Fuel your adventure
Bring along water and snacks to fuel your outdoor activities. Water is not available at the trailhead or in the park, so bring plenty of water from home to keep you and your pets hydrated.
Leading up to your hike, and again a few hours before, check the weather. This will give you valuable information on how to dress and what to pack. Be prepared with the right gear for the current or changing weather conditions. Carry a hiking backpack with a small first aid kit, poncho, and other essentials.
Right of way
Hikers coming uphill have the right of way. If you're descending the trail, step aside and give space to the people climbing up. Cyclists yield to hikers going in either direction, coming to a full stop and stepping to the side to give the right of way. When hiking in a group, always hike single file, never taking up more than half the trail space, and stay on the trail itself. If visiting in large groups, consider splitting into smaller groups.
Observe wildlife from a distance. Do not follow, try to approach, or taunt wild animals in any way. Never feed wild animals. Feeding wildlife can damage their health, alter natural behaviors, expose them to predators and other dangers, and they can become aggressive.
Wildlife commonly found in the park include deer, elk, bear, mountain lion, moose, coyote, fox, songbirds, waterfowl, and raptors. Colorado Parks and Wildlife offers tips and advice for rewarding, safe, and responsible wildlife viewing.
During the development of the Maryland Mountain Quartz Valley Open Space Park trail system, the City utilized existing historic mining routes along with cutting new trails. Trail maintenance, trail building, and fire mitigation efforts will continue throughout the trail system. As such, trail closures may take place periodically to accommodate this work. Please be attentive to marked trail closures as we work to build a sustainable trail system.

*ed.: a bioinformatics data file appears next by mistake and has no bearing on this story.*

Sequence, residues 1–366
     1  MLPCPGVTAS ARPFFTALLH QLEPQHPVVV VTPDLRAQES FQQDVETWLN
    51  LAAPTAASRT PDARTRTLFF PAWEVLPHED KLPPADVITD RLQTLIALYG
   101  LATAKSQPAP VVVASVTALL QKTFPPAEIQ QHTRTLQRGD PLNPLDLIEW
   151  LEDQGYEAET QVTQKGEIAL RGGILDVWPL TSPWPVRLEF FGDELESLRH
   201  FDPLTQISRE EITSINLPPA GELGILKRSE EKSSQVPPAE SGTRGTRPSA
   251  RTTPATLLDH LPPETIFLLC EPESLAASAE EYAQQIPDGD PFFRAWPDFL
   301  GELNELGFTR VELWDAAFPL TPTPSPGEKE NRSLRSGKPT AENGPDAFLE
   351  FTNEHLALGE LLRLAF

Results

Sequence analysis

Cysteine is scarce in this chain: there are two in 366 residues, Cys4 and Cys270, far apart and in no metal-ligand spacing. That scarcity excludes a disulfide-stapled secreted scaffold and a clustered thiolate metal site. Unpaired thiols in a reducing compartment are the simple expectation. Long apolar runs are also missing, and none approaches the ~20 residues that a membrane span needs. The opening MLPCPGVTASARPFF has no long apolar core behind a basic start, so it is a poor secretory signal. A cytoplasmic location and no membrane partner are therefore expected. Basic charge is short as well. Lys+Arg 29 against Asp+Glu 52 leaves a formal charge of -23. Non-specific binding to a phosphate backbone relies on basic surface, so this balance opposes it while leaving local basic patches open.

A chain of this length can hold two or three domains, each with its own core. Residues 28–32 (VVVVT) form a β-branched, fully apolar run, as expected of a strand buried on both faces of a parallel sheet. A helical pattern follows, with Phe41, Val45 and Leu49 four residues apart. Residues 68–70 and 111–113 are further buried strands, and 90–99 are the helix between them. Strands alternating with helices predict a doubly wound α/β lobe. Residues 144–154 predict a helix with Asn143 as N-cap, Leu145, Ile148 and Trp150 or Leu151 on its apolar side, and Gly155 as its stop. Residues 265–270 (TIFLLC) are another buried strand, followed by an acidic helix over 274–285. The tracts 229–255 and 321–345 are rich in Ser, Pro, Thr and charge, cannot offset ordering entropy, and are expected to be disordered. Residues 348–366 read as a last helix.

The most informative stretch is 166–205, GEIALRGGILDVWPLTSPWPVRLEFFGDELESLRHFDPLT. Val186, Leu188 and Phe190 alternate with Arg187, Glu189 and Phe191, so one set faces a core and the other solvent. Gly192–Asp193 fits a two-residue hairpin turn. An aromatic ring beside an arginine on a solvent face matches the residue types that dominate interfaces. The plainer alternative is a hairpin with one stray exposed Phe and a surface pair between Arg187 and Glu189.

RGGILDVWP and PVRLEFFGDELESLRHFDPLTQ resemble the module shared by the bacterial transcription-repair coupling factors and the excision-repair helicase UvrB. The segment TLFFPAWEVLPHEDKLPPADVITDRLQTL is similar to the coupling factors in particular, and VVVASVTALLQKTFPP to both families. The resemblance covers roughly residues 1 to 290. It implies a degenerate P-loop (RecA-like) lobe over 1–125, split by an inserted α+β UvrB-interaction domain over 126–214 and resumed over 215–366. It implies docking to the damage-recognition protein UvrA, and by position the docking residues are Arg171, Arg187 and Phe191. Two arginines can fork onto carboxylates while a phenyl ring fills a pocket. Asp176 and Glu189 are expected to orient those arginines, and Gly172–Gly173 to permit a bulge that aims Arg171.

Hiking and biking conditions will vary throughout the seasons. Be especially mindful of possible trail conditions in the winter months and if there has been recent rainfall. Trails could be snow-covered, icy, or muddy. Maryland Mountain offers several trails with good southern exposure, however many areas along the south side will still be spotty with mud and snow cover after a weather event. Hikers should be prepared with the right footwear, ice cleats, and possibly trekking poles. Mountain bikers are encouraged to follow well-known trail etiquette and avoid riding on soft, muddy trails, which can lead to ruts and erosion. Whether hiking, running, or biking, it is your obligation to modify your route or not go at all if you know a trail is not in ideal condition for your planned activity. When route modification is necessary, please stay on established trails.
Additional education resources
- National Park Service: Hike Smart
- US Forest Service: Safety
- US Forest Service: Getting ready for the outdoors
- Colorado Parks and Wildlife: Trails
Non-emergency park concerns can be reported to:
Black Hawk Dispatch Center
Maryland Mountain Summit, 9200’
Quartz Valley Trail
Giant Red Indian Paintbrush, Meadow Paintbrush (Castilleja miniata)
Mountain Harebell (Campanula lasiocarpa)
Castle Rock, located in the southwest region of the park, towers above the Historic Gilpin Tramway and Quartz Valley trails.
Historic Gilpin Tramway Trail
Easy Money Trail
Claim Jumper Trail
|Maryland Mountain Trail Map||779.6 KB|